All three novels portray a Scottish community at a time of transition induced by historical events. Sun Circle is about a Pictish village in the ninth century, in which a Viking raid takes place. Butcher's Broom is set in the time of the Highland Clearances, during which crofters were evicted by their landlords to give the place to sheep and had either to make a living in the barren setting of the coast, or to emigrate. It describes how the community is affected by this event. The Silver Darlings is set in the time of the herring boom in the North Sea at the beginning of the 19th century and describes the changes brought about for the people who had been driven away by the Clearances. It tells the story of Catrine, whose husband has been taken by the press gangs, and of her son Finn, as he grows from childhood into manhood and becomes a fisherman in his turn.
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Christine Weil (born Küpfer) grew up in Moudon (Switzerland). She studied English, French and Geography at the University of Lausanne and worked from 1984 till 1985 as a French language assistant at Crieff High School (Perthshire). She graduated in 1986 with a master's thesis about Neil M. Gunn, on which this talk is based. From 1986 till 1992, she worked as a teacher of French and English in Switzerland, Ghana (West Africa), and Germany. Since 1990, she has been living in Mainz with her husband and has worked in various administrative positions. She now is a secretary at the Department of Anthropology and African Studies of the JGU Mainz (www.ifeas.uni-mainz.de), and teaches yoga and meditation in her own studio: www.yoga-in-der-adlergasse.de

Video recording on YouTube

 

Wednesday, 29 November 2023: Celebrating St Andrew's Day in Rheinland-Pfalz
Scotland's National Day with Catherine Reeves and Jenny Sturgeon

To join us digitally, click here!

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Tuesday, 14 November 2023: Reading Scotland with Ilka Schwittlinsky
"Scotland's a Sense of Change": History in Lewis Grassic Gibbon's A Scots Quair and James Robertson's And the Land Lay Still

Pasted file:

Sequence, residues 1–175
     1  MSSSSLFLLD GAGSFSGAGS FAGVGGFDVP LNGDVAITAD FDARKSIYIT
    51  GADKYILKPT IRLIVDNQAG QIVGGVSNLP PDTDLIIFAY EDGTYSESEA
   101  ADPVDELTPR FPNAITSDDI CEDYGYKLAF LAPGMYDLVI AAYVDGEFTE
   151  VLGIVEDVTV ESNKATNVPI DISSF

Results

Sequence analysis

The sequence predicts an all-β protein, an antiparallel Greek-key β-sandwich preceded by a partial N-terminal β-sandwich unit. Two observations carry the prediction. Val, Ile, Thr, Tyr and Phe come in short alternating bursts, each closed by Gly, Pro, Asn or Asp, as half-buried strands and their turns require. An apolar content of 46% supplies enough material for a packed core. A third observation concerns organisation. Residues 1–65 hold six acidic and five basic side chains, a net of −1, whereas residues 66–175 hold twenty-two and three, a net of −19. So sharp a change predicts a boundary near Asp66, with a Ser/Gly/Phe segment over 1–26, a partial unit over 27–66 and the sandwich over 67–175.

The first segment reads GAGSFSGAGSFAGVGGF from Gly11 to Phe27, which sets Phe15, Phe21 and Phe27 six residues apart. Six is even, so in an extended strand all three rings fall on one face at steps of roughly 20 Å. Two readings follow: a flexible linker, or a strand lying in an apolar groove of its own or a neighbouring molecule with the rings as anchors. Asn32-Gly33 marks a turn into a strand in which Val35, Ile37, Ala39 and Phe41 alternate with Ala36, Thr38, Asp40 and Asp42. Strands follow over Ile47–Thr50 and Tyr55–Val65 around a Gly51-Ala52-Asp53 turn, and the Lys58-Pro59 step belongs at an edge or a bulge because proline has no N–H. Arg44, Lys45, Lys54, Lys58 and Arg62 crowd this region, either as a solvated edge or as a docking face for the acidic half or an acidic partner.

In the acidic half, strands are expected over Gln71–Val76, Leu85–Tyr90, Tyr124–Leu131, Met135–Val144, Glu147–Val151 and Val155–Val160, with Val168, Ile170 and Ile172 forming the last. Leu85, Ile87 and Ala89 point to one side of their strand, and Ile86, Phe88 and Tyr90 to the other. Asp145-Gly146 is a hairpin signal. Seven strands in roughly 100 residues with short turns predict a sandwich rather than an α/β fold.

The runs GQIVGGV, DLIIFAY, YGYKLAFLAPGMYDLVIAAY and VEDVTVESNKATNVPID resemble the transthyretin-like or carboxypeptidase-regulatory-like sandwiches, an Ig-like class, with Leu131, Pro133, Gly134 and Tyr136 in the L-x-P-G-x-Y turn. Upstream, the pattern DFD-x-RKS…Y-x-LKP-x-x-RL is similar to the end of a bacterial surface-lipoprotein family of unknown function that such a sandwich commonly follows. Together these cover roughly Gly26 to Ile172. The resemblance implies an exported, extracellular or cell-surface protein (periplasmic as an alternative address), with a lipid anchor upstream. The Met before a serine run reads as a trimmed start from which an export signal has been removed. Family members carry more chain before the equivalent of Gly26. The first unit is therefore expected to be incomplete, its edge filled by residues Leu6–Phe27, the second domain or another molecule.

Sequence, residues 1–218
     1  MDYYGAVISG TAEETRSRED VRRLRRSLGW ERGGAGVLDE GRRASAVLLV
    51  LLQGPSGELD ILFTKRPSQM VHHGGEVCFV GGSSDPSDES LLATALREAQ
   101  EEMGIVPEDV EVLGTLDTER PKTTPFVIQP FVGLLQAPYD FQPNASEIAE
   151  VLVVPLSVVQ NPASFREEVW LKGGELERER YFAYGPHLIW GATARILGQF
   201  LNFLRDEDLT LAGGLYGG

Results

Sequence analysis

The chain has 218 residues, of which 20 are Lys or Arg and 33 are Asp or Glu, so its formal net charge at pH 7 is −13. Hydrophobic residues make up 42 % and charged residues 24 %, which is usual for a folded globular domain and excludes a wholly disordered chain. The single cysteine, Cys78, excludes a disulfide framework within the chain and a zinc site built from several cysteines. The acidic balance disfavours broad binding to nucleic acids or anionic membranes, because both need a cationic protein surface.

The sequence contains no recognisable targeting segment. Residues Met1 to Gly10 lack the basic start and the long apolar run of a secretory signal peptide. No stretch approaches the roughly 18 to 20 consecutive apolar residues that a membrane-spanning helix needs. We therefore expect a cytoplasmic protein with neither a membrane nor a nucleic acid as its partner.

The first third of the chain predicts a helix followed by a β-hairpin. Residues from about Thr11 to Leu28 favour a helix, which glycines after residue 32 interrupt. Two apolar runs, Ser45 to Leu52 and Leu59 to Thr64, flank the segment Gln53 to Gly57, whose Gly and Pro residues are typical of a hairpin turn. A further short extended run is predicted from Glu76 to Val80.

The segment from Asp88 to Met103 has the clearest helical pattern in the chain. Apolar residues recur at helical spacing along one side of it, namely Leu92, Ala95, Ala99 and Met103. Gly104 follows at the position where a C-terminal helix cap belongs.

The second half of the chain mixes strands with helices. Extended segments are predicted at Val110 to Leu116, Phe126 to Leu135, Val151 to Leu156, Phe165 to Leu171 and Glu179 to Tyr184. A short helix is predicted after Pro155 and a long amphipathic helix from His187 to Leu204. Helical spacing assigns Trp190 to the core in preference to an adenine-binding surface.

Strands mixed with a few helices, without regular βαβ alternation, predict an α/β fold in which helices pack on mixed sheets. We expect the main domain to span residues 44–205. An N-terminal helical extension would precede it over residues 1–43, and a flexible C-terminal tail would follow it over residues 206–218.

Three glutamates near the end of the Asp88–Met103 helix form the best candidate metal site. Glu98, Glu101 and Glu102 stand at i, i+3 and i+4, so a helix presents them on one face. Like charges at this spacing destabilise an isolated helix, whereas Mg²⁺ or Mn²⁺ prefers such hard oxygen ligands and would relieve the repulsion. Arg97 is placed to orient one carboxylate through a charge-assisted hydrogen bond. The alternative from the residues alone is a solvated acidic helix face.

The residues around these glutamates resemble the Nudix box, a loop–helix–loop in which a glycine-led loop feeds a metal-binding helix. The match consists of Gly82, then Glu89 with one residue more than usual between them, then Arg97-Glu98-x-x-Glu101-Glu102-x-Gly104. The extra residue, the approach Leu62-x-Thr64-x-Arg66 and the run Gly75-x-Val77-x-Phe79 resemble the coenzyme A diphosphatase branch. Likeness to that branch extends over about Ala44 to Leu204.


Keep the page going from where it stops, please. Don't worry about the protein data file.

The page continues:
Nations, especially stateless nations like Scotland, are held together by their identities and by the people that adhere to these identities and identify themselves with them. These identities, the stories the nation tells of itself, of its people, its territory, and its history are disseminated by different media, among which the novel plays an important role. This presentation, accordingly, focuses on two texts, Lewis Grassic Gibbon's A Scots Quair and James Robertson's And the Land Lay Still and analyses the changing Scottish identity in the twentieth century by looking at their depiction of Scottish history and life in Scotland.
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Ilka Schwittlinsky gained her Ph.D. in British studies from the University of Mainz with a thesis on "Scotland's a Sense of Change": History and the Land in Lewis Grassic Gibbon's A Scots Quair and James Robertson's And the Land Lay Still". She studied "Language, Culture, Translation" at the University of Mainz in Germersheim and now works at the University of Stuttgart. Her research is mainly concerned with how (national) identities are formed in and through literature.

Video recording on YouTube

Tuesday, 31 October 2023: Reading Scotland with Anna Fancett
Supernatural Stories and Scott

Explore the wondrous, unhallowed, and spooky side of of Walter Scott with storyteller and academic, Anna Fancett. The session will begin with a re-telling of a supernatural tale form the Scottish oral tradition. Dr Fancett will then share some of the insights from her upcoming book chapter, 'Scott's Seers: Predicting the Future in the Works of Walter Scott,' investigating how Scott's poetry and fiction rests on a paradoxical position in which the supernatural must be simultaneously accepted and rejected. In this lively and insightful session, you will be introduced to selected texts by Scott from across genres and throughout his literary career. There will be time for questions at the end.
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Exploring how narrative works has been the driving force of Anna Fancett's academic and storytelling careers. From her PhD, which explored how representations of the family reinforce and challenge narrative expectations in the novels of Walter Scott and Jane Austen, to her award-winning article on Chinese translations of Scott's works, Anna has investigated how the push-and-pull of expectation works within Romantic era texts. After becoming a member of the Scottish Storytelling Centre's directory in 2009, Anna has told stories and taught workshops in schools, universities, festivals, heritage centres and more. She is currently working with the North-East Culture Collective to run storytelling sessions at Grampian Regional Equality Council's language café.